By this point in his development, Mondrian has started to use the criss-crossing nature of the tree's branches to produce new shapes within them. These are then filled with differing tones, creating a beautiful matrix of colour that on initial inspection will remind many of Picasso's Cubist masterpiece, Les Demoiselles d'Avignon. The fractured elements with different tones, but all related closely to each other, might also remind some of a broken mirror, where reality can be seen, but in a slightly amended form. This tree composition is not one of the artist's most famous paintings but actually is highly significant in outlining the journey on which he was travelling at the time.
Those able to look up close at Composition Trees 2 will be able to make out the individual brush strokes made by the artist, including how he filled in some of these areas with relatively loose work. We can see him changing his mind, by adding a new tone above areas that had already been filled as he sought to amend the balance of the colour scheme, even though it was essentially all just tones of black, grey and white. He had earlier used a similar tonal approach for Grey Tree, though the forms there are much more obvious and that composition arrived earlier, when he had not moved as deeply into abstraction as he had done now. Those unfamiliar with this artist who arrive straight at this later painting would probably be entirely unaware of the presence of a tree, were it not for the title of the piece indicating so.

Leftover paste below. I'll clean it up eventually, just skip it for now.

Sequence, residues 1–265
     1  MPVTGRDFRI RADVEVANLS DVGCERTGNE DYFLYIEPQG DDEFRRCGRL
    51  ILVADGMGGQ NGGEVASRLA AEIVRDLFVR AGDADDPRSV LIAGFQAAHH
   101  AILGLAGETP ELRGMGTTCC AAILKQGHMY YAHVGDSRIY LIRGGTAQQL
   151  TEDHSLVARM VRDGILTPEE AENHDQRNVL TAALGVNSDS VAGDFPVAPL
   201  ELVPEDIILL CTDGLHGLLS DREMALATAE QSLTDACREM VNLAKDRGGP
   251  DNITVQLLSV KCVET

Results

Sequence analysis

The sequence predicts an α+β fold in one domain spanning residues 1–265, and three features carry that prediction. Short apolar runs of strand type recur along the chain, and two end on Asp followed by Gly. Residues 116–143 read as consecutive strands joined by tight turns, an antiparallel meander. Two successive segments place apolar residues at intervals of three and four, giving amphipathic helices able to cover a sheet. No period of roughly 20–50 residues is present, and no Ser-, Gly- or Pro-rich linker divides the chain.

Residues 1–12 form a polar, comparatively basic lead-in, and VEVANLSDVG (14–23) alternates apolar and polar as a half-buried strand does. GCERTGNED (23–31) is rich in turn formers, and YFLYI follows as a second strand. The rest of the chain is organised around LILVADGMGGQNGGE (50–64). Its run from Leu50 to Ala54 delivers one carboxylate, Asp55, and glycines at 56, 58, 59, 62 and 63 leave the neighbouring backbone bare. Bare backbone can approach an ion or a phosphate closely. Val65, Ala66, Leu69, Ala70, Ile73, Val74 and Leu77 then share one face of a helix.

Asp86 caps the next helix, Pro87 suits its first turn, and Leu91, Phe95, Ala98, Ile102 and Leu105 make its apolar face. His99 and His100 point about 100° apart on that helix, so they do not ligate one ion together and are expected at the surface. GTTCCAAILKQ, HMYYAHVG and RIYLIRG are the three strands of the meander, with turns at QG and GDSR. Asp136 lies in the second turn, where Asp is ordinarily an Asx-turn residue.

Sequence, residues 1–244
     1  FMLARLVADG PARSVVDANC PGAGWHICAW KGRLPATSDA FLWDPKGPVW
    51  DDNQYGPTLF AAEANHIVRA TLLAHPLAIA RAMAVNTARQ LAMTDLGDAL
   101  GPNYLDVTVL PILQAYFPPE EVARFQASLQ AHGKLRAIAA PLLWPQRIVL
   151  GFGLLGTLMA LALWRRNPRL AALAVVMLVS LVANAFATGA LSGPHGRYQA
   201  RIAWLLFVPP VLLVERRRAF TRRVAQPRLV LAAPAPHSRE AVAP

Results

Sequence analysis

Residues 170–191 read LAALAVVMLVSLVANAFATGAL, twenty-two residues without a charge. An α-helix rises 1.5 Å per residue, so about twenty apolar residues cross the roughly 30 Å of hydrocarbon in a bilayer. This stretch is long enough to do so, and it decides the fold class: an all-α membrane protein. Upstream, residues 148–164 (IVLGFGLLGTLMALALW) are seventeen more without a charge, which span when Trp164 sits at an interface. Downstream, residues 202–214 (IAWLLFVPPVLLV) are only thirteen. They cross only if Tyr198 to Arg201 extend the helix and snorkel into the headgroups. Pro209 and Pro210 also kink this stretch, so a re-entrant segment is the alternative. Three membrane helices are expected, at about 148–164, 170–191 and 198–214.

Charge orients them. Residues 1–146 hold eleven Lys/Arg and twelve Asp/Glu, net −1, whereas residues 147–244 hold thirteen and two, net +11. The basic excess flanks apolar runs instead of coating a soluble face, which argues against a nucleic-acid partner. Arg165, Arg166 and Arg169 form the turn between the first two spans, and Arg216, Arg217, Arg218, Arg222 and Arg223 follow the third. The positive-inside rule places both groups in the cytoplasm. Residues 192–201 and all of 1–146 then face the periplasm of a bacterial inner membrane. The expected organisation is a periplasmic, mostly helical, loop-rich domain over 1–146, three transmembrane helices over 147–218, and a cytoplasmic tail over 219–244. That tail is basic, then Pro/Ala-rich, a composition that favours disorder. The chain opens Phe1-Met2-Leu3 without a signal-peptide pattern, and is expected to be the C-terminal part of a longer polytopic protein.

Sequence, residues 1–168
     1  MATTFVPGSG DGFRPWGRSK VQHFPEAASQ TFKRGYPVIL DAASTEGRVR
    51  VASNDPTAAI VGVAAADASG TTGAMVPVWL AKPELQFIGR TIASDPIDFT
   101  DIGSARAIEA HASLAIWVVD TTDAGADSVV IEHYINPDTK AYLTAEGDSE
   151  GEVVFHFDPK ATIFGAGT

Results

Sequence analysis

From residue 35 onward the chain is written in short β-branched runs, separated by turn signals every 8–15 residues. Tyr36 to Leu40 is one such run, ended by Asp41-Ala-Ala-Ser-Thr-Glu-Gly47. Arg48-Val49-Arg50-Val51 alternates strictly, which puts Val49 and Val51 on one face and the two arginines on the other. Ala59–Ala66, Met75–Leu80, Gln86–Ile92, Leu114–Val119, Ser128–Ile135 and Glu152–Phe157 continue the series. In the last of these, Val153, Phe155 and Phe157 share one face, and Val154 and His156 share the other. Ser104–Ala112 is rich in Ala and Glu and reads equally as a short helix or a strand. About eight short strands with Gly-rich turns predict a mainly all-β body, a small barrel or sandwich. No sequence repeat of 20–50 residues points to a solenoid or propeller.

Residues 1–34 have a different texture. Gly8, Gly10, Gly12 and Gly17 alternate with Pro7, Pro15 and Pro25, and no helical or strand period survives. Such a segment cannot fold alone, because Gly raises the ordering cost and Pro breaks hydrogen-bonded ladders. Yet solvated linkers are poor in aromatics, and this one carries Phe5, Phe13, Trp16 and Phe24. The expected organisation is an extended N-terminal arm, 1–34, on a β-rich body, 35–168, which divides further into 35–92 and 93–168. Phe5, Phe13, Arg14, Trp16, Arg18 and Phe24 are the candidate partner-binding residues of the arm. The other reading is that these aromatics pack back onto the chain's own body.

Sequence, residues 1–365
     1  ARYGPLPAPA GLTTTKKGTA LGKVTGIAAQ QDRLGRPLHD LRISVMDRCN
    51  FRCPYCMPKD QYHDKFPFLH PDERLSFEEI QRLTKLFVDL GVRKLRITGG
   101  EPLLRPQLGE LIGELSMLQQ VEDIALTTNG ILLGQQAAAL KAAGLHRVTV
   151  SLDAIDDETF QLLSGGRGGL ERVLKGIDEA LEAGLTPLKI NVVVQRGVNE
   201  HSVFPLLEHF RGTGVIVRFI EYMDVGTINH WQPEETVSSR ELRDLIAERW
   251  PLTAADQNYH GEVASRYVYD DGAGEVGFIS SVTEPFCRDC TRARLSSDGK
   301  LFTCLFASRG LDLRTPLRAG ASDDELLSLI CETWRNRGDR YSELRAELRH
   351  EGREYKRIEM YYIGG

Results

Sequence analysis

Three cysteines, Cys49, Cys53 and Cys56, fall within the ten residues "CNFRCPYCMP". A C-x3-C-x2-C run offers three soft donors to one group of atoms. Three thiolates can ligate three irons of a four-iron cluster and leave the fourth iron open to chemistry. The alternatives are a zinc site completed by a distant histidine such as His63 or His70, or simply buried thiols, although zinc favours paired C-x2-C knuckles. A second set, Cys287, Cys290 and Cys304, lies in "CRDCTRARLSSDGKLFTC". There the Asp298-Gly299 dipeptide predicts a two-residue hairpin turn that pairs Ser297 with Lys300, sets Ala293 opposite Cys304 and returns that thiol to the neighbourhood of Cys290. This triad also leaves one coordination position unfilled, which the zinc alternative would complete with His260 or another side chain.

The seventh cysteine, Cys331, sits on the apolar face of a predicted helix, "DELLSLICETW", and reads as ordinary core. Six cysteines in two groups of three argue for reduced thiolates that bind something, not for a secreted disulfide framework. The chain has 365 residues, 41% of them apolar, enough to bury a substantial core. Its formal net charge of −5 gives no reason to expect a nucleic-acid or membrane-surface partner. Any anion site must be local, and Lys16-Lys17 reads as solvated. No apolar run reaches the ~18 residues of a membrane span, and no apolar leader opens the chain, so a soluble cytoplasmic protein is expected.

This painting from 1912-1913 is owned by the Gemeentemuseum in Den Haag, in the Netherlands. They have a selection of this artist's work as well as a good coverage of other Dutch artists, which is the main focus of their charming collection. It is well worth a visit for those looking to learn more about art from this nation, and there are some artists included here that you may not have come across previously. Displays are rotated from time to time, so check ahead if you are wanting to see this particularly painting in person as it wont necessarily be on display at the time you visit.